It begins in the summer of 1789 as the King is informed of the storming of the Bastille. We see nothing of the dramatic event, only Pierre Renoir as Louis XVI, chowing down on his chicken and cheerily discussing the day’s hunt. In his appealing doofiness he recalls Hugh Laurie’s Wooster (from the BBC Jeeves and Wooster [1990-1993] adaptations). He is something of an imbecile, but is so unselfconscious it becomes charming. In 1790 Marseilles the townspeople start hearing about the storming of the Bastille and the formation of a revolutionary volunteer army. What passes for central characters are two of these villagers, the mason Bomier (Edmond Ardisson) and a toll clerk named Arnaud (Andrex). Bomier is hotheaded and impulsive, while Arnaud is the more calculating intellect, in touch with the shifting political alliances happening in Paris. Both sign up for the army and march to Paris, where they get into scrapes with some Royalists while reluctantly facing up to the fact that this will not be a bloodless war. For much of the film’s running time the revolution seems like a lark, a thrilling adventure for two poor kids, an excuse to travel the country. But during the storming of the Tuileries Palace blood starts to get shed, and the two men witness what it means to be collateral damage to your principles.
Renoir, though known for his brilliance with character, was also a master of screen space, and there are some remarkable battle sequences. You can see it in the first shot, guards twirling in diagonals across the screen, that Renoir can make soldiering look dynamic. The Tuileries sequence shifts on a dime from the thrill of comradeship, of the national guard joining the Marseilles volunteers, to the inhuman lineup of gun barrels positioned out of windows, as men are cut down like bags of flour dropping out of a delivery truck. It is striking how that switch registers, from the chaos of celebration, of embraces and chatter, to the rigid order of the war machine, with its perfect geometry and deadly logic. The Marseilles volunteers are pushed out, their loose band not having the same kind of brutal logic as the Swiss regiment holding out inside.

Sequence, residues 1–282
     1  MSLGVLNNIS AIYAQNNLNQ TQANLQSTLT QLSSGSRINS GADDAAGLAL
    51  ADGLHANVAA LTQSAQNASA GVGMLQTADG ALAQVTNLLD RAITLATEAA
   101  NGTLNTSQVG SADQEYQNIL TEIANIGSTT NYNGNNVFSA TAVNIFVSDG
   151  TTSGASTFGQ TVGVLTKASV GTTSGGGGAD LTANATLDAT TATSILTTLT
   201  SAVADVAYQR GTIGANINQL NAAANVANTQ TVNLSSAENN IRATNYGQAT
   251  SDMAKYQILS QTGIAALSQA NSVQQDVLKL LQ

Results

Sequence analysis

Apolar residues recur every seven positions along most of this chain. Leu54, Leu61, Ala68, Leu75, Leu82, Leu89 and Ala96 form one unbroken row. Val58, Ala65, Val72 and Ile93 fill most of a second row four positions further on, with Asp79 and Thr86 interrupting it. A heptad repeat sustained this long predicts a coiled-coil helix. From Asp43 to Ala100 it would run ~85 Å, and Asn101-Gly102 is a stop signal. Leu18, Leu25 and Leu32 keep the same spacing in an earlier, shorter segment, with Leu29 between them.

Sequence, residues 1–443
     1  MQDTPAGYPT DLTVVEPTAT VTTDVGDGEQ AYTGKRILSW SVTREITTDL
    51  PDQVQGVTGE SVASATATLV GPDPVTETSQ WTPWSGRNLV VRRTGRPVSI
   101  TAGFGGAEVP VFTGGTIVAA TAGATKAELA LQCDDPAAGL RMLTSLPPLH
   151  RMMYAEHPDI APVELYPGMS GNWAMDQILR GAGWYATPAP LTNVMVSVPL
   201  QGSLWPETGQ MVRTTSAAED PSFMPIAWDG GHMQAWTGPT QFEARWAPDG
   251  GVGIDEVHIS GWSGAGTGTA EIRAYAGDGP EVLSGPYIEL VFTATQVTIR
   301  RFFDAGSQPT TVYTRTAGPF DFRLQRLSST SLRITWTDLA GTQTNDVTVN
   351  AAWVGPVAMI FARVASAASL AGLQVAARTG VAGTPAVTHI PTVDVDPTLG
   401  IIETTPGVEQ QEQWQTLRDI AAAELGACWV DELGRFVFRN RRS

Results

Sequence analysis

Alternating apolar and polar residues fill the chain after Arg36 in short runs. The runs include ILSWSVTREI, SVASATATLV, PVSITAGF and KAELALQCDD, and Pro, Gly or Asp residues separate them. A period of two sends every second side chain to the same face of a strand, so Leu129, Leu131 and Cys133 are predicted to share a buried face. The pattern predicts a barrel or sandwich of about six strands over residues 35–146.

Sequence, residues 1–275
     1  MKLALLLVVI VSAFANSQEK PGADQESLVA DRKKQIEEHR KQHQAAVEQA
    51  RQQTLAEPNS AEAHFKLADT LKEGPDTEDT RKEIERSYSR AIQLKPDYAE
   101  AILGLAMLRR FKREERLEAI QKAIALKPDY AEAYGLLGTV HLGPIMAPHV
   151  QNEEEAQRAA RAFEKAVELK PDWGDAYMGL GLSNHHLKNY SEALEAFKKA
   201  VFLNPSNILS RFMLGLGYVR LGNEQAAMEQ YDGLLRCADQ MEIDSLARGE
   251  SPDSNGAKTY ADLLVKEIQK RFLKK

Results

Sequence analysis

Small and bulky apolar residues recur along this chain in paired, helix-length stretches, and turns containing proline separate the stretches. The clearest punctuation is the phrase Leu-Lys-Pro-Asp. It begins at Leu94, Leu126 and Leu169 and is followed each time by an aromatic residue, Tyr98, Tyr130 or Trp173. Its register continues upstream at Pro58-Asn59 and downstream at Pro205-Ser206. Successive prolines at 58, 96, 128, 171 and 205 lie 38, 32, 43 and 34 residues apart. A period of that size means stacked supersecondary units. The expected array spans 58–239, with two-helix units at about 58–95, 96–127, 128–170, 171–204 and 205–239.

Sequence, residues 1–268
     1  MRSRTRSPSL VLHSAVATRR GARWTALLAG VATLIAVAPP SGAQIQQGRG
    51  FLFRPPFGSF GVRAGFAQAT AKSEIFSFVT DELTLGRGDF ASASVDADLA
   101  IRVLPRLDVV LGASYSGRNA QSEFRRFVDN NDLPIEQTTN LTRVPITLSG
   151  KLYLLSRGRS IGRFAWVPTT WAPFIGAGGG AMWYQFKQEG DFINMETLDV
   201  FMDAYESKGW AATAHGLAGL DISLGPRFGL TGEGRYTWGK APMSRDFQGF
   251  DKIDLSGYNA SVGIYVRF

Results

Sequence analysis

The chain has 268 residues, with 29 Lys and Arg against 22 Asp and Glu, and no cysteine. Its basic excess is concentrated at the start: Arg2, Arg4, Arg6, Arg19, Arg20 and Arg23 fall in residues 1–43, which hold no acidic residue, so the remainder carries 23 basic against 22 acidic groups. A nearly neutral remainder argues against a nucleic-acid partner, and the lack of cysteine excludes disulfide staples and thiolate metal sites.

It is the Swiss who remain because the King had been spirited out. The King watches it all like a spectator, a man already outside of time. He is concerned about the angle of his wig and the taste of a tomato as the monarchy tumbles around him. Pierre Renoir plays him with such innocence and naiveté, that it’s hard to believe it’s an act. The King might just be a lovable foe, a tool of history rather than its driver. It is a film that leaves things unfinished – the King walks out of the Tuileries, his fate uncertain. He remarks upon the state of the leaves – they are falling more quickly this year. Arnaud and Bomier split up, Bomier nursing his wounds while Arnaud disappears into the fog of war. The film ends on a note of half-hearted triumph. The Tuileries has been won, but so much has been lost, and the war is just beginning.
This is the ninth part of a series covering the films of Jean Renoir, 16 of which are streaming on FilmStruck. To read the previous entries, click below.
Whirlpool of Fate (1925)
La Chienne (1931)
Boudu Saved From Drowning (1932)
A Day in the Country (1936)
The Lower Depths (1936)
The Crime of Monsieur Lange (1936)
La Bete Humaine (1938)